One Book Shall Outfuss Them All
I’ve mentioned this before: I love Cook’s Illustrated Magazine. And it’s not because it has no ads or huge advertorial sections that junk up the magazine. It is because their methods are so fastidious.
They try everything. They adjust oven temperatures. They vary the ratios of key ingredients. They try different cooking techniques. They are like the Consumer Reports of recipes.
If you do not subscribe to them in print, you should subscribe to them online. They are fussy. They may even be a dozen steps beyond fussy.
Well, the founder of Cook’s Illustrated is named Christopher Kimball, and he wrote a book in 1996 called The Cook’s Bible: The Best of American Home Cooking. And it is.
This is a serious book. If you want to learn something about food, this is the book for you. It is not like other cookbooks. It is not food porn. There are no beautifully styled photographs that make you drool and dream of the day you can make something that looks so good.
In lieu of photographs there are carefully illustrated pictures that show you how to actually do things in the kitchen like carve a chicken or make a perfect pie crust. And there are plenty of detailed charts that explain what happens to your food if you diverge from the parameters of the best recipe.
And yes, there are recipes in this book. One of my all-time favorite things to eat is the slow-roasted chicken from this book. It starts with meticulously drying the inside and outside of the bird. Brushing it with butter and sprinkling with salt and pepper. The chicken starts in the oven at 375. Then it cooks at 200 for a while. And it is finished with a final blast at 400.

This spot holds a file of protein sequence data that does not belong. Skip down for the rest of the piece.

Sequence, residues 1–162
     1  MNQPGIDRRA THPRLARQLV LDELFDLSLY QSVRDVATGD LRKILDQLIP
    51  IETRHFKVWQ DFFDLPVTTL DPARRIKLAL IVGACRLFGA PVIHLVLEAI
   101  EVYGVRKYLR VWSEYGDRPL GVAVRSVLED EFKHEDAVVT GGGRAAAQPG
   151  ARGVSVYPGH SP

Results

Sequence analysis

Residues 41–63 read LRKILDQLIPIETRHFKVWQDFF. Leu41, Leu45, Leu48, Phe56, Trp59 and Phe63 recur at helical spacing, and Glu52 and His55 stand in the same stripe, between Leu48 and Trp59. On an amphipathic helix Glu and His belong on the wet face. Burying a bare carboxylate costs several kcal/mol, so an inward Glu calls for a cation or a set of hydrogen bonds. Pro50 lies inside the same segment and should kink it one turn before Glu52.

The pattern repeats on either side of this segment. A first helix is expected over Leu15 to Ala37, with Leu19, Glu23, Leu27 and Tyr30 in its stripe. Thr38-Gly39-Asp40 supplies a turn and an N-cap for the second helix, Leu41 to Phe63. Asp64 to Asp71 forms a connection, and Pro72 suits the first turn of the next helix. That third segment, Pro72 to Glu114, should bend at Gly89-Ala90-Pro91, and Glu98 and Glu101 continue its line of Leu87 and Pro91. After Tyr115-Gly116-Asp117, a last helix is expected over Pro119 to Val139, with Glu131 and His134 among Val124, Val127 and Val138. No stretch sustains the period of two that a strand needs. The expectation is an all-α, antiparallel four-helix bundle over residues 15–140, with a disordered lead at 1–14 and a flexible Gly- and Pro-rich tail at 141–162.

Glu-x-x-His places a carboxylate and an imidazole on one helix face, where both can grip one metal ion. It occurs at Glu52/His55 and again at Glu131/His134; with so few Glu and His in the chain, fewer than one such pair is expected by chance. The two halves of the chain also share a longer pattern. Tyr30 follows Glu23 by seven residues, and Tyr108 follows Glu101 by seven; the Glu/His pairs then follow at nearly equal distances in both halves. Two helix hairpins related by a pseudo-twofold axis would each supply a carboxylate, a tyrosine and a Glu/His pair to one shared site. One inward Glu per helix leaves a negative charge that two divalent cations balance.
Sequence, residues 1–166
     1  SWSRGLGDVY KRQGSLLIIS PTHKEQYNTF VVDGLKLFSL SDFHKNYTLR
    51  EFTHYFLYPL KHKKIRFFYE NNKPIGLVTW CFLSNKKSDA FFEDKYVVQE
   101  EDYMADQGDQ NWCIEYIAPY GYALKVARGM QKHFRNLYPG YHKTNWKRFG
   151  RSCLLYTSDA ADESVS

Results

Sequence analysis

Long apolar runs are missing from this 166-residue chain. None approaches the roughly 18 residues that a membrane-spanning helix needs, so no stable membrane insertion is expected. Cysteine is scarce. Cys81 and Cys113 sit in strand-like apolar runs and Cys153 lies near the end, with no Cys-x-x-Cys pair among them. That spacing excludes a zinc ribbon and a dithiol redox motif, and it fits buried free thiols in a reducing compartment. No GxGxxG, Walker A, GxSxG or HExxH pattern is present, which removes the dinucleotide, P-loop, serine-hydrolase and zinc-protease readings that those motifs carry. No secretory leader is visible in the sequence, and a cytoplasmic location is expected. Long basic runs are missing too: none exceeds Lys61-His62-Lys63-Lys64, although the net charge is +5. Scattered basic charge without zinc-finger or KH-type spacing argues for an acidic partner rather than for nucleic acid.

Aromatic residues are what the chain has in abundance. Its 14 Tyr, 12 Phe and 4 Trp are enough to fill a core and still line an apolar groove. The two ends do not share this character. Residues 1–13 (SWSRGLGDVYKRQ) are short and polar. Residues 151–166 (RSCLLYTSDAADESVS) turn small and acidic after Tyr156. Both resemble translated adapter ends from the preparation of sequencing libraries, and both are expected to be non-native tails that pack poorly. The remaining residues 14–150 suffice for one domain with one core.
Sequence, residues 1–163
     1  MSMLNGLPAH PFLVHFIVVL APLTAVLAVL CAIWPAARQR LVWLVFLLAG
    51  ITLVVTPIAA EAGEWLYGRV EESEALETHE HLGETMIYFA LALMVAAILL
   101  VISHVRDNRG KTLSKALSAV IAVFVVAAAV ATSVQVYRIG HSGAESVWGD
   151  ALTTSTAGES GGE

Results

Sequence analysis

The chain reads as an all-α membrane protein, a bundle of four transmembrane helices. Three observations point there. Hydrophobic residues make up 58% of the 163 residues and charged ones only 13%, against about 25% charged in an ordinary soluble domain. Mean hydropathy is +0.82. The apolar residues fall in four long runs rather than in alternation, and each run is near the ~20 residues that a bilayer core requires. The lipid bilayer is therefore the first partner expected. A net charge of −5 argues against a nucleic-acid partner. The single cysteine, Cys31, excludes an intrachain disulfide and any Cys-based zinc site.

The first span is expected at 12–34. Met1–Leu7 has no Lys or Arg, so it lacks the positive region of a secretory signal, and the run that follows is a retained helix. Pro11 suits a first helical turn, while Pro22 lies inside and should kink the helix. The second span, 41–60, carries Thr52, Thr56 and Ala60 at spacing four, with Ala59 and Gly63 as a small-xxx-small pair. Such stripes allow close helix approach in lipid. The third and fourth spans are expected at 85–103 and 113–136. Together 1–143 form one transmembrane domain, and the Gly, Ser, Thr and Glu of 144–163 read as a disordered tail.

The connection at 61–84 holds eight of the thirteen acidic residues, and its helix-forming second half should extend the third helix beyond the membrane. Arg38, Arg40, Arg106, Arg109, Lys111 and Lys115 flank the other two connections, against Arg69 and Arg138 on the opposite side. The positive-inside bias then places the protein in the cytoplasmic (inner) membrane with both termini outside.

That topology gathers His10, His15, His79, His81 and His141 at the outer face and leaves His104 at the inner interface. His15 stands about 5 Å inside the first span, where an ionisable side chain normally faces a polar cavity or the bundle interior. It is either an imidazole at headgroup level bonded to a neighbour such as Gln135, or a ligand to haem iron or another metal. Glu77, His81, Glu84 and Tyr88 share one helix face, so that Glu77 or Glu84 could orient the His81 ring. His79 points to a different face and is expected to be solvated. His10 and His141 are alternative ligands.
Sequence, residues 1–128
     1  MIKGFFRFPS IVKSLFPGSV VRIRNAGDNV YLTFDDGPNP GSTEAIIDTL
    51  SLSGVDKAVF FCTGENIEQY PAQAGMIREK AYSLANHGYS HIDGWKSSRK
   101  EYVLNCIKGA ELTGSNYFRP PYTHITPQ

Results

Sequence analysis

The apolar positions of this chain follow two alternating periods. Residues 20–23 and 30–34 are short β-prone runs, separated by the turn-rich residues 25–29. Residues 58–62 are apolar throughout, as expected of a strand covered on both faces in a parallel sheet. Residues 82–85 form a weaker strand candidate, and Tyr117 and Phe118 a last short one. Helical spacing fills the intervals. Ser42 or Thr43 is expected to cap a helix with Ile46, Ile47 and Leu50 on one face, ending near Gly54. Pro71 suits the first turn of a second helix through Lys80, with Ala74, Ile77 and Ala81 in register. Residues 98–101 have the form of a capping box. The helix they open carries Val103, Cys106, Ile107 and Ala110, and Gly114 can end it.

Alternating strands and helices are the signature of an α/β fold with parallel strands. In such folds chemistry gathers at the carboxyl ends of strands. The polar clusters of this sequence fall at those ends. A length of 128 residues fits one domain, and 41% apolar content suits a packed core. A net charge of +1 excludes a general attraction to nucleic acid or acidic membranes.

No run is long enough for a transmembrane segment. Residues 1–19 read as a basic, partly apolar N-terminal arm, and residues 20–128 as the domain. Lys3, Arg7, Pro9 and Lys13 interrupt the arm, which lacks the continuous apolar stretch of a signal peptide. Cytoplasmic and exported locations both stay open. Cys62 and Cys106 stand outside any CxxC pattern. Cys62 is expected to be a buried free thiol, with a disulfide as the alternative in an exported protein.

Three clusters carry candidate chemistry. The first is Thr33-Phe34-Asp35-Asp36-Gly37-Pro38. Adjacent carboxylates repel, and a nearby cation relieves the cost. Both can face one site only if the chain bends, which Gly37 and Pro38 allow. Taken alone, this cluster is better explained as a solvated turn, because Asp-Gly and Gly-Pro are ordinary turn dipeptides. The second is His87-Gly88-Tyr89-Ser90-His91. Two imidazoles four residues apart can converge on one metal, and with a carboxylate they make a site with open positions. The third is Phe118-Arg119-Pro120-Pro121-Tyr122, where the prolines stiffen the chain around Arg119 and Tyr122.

Seriously, who does stuff like this? But OMFG this is so good. The fat under the skin renders into the meat, making it rich and juicy. The skin is then left to be almost cracker crisp with a nice salty punch. The contrast of textures is just too good to bear.
But I digress.
I was going to tell you that this is actually a cookbook you read through. It teaches many of the fussy basics such as “Cooking Perfect Rice” or “How to Cook an Egg”. It offers background knowledge into ingredients and techniques like “Potatoes Explained” and “How to Braise Meat”. But it is not all prescriptive either. There is a chapter on “Improvising Soups” and another one for “Improvising Stuffings”.
You may find as you read through The Cook’s Bible that the recommended methods are massively time intensive and perhaps a bit more complex than you might expect for a book about home cooking. I’m guessing you know very few people who cook like this at home.
If you have children in the house, forget about it.
But at the very least, by learning the “best way” and even by reading about what the tradeoffs are for cutting corners, you are aware of what you give up by taking short cuts. And you may be okay with that.
I know I am.
Someday soon I’ll tell you about how I was cooking brown rice the Christopher Kimball way until a rice farmer changed my mind.